The government's case was not helped when Prime Minister Tony Blair, citing privacy considerations, refused to reveal whether his own son Leo, born in 2000, had received the triple jab. Blair insisted that the vaccine was safe, but parents continued to shy away.
Last December Britain's Channel Five television aired "Hear the Silence," a 90-minute docudrama that depicted the harrowing experiences of Kessick and other parents of autistic children and celebrated Wakefield's campaign on their behalf. The network organized a discussion program afterward and invited representatives from both sides to appear. Public health officials pulled out at the last minute, arguing that a debate would only lend credibility to the anti-MMR side. "We felt we'd be giving respectability to a program that was not respectable," Salisbury said.
The pullout left a handful of non-experts to make the pro-MMR argument, led by Michael Fitzpatrick, a general practitioner whose son is autistic. He says he got involved in the controversy after the mother of an autistic child told him she blamed herself for allowing her child to receive the triple jab. "What really annoyed me was Andy Wakefield setting himself up as spokesman for the parents when in fact what he was doing was visiting guilt upon many parents," said Fitzpatrick, who has just published a book, "MMR and Autism: What Parents Need to Know."
"People are anxious, they're frightened and so it's easy for many to adopt the default position and do nothing," Fitzpatrick said.
This is exactly how one mother reacted. Michelle Ellis, who was invited to listen to the arguments at the discussion program, said afterward she respected the case of the pro-MMR team but was still not willing to vaccinate her two young sons. "Statistics don't work for me here," she said.
The broadcast in many ways marked the apex of Wakefield's popularity. But while one part of the media was building him up, another was preparing to pull him down.
Last November a Sunday Times journalist who identified himself as Brian Lawrence paid a visit to Kessick's home north of London. He spent nearly six hours questioning her about William's autism, Wakefield and the entire MMR controversy. Afterward, she said, she felt like she had been grilled like a witness under cross-examination. She said that Lawrence didn't seem to believe anything she told him.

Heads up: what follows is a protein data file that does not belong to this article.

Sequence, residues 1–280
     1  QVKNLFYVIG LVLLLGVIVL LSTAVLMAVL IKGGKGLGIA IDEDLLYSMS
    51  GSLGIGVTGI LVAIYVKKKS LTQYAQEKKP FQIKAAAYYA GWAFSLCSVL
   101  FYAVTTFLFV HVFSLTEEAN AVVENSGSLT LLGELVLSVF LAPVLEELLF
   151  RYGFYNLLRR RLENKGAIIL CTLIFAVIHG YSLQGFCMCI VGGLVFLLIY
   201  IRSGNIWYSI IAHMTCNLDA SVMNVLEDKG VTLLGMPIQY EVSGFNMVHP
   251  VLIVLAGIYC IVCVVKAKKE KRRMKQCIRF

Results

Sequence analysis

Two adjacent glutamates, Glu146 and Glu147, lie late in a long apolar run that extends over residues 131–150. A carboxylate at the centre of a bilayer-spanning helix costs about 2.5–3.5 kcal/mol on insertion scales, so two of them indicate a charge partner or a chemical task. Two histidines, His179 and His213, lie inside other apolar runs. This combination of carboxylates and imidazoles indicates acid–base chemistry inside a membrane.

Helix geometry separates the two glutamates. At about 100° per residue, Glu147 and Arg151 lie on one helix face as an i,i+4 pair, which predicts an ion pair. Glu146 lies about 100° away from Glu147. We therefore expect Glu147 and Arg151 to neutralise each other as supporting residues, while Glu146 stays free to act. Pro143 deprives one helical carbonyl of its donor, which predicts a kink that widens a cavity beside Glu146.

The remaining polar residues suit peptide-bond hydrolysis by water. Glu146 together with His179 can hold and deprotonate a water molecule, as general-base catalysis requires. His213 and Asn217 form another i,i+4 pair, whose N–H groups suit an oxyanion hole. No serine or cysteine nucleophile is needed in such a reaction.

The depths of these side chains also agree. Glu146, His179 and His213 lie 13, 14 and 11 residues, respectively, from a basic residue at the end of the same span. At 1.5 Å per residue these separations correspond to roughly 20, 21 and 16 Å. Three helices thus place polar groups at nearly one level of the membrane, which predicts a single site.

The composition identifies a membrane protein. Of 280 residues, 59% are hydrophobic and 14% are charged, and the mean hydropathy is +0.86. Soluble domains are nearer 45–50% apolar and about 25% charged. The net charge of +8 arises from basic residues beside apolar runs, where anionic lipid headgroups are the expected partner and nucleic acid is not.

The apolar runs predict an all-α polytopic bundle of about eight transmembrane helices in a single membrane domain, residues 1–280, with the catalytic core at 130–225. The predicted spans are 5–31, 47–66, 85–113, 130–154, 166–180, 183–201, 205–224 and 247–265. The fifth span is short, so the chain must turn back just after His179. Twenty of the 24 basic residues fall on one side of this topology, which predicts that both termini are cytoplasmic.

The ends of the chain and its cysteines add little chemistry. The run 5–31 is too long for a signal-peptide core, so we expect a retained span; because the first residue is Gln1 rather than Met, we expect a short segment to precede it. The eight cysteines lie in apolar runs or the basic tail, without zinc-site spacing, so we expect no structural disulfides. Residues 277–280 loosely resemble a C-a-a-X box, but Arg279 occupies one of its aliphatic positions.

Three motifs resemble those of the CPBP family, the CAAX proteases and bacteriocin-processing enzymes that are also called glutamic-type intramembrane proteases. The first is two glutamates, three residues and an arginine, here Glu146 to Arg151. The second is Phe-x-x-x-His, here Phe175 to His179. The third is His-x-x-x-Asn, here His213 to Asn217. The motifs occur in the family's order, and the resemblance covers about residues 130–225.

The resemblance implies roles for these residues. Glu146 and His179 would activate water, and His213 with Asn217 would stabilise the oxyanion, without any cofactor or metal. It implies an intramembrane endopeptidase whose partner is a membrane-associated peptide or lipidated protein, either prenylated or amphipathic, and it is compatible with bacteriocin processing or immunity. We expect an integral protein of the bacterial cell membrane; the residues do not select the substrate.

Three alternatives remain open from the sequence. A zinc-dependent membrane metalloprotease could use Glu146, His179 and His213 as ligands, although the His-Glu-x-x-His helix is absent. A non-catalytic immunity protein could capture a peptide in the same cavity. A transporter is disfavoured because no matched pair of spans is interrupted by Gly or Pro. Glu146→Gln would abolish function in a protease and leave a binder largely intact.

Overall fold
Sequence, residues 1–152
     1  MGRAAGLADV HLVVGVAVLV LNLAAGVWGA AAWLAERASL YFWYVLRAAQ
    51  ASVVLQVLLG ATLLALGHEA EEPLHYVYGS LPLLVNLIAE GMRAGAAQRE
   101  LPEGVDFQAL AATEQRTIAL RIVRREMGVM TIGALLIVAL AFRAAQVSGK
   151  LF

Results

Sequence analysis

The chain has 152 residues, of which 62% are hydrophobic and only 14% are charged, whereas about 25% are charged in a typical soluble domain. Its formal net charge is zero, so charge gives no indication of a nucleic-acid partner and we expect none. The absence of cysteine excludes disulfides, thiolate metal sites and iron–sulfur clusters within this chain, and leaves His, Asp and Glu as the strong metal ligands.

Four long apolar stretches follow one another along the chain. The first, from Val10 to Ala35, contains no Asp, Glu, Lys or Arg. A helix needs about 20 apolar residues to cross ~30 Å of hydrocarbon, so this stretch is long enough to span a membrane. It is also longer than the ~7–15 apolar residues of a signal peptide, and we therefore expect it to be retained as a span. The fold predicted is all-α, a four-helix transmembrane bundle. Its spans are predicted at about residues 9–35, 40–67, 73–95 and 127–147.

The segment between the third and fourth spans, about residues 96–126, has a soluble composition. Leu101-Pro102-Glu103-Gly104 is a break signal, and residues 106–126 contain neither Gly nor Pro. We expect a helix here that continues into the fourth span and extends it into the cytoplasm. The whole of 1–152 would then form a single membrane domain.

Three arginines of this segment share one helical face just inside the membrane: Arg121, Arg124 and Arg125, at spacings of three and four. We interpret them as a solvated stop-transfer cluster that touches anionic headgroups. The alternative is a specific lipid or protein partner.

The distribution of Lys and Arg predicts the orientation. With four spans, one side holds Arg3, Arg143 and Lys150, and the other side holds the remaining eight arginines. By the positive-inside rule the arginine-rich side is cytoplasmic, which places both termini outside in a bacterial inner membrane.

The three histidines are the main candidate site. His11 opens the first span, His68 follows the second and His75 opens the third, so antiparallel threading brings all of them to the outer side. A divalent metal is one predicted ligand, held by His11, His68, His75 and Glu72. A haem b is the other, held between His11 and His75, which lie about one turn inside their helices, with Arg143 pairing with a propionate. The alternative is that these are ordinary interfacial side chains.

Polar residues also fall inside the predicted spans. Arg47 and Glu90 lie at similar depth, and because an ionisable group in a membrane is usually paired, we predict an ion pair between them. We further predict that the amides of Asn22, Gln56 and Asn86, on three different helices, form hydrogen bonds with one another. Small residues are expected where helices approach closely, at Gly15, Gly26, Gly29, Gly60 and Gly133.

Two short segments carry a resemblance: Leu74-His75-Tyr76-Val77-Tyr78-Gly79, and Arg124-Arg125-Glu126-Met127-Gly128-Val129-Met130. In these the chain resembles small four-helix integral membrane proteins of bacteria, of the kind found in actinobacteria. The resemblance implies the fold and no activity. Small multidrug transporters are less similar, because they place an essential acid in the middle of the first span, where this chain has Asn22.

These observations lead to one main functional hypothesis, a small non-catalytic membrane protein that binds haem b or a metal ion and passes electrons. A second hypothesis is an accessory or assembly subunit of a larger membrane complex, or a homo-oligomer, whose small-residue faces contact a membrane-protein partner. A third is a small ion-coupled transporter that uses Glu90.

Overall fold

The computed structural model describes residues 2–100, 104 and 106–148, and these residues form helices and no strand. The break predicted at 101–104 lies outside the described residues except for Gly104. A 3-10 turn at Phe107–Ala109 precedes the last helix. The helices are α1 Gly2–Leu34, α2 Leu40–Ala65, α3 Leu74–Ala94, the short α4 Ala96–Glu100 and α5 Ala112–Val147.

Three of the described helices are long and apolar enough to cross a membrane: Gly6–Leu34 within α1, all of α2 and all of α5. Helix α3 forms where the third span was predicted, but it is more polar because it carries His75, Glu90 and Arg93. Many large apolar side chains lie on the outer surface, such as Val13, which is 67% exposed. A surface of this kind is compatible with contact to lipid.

Her suspicion was not far off. "Brian Lawrence" was actually Brian Deer, a prize-winning investigative journalist with a reputation for breaking stories about the pharmaceutical industry. Deer said he used a false name -- Lawrence is actually his middle name -- because he didn't want Kessick to check his web site and find out that one of his specialties was tracking down false claims of damage from vaccines.
Parents' Court Case Suspended
Deer said he had planned to attend the trial of a major MMR lawsuit due to begin in April. When it was suspended indefinitely, he decided to launch his own probe. He found Kessick, like many of the plaintiffs, to be sympathetic people but less than reliable witnesses. He concluded that they wanted to believe MMR had caused their children's autism and that they may have bent the truth to prove it.
"I took her through her evidence as she would be asked in court," he recalls. After about several hours, he says, he told her she and the other plaintiffs could never win their case.
Wading into the huge volume of records in the case, Deer discovered something Wakefield had neglected to tell the Lancet: that the Royal Free Hospital had received some $90,000 in funding from the plaintiffs for Wakefield's help in doing a study of 10 of the victims. Four of the plaintiffs, including William Kessick, were among the dozen patients included in the Lancet article.
Rather than showing up at the Royal Free as consecutive referrals from disinterested general practitioners, Deer alleged, the Lancet 12 had been carefully chosen to prove Wakefield's theory and help lend credence to the lawsuit.
Wakefield insisted he had done nothing wrong -- that the Lancet study and the legal case had been kept entirely separate. But Lancet editor Horton said his former colleague should have disclosed the potential conflict before the original study was published. "If we had known the conflict of interest Dr. Wakefield had in this work, in my judgment it would have been rejected," Horton told the BBC.
A few weeks later, 10 of the 13 doctors on the original study issued a "Retraction of an interpretation" in which they declared that "no causal link was established between MMR vaccine and autism." Wakefield refused to sign.
The retraction was "absolute nonsense, just spin," he says. "There's absolutely no doubt they've been under huge pressure and it's very sad. We did discuss this in detail and I said, 'Guys, I can't sign up to this'."
Wakefield lost other allies as well. John O'Leary, an Irish microbiologist who has been one of his key collaborators, pronounced himself "shocked and disappointed" that Wakefield had not declared the potential conflict.
But Wakefield's core supporters, such as Rosemary Kessick, continue to believe in him. Robert Sawyer, chief executive of Visceral, Wakefield's research group, says donations are still coming in. But he expects to move Wakefield's research unit to Texas over the next few years. The United States, with its privatized health care system and entrepreneurial spirit is much more fertile ground than Britain for a medical pioneer like Wakefield, Sawyer said.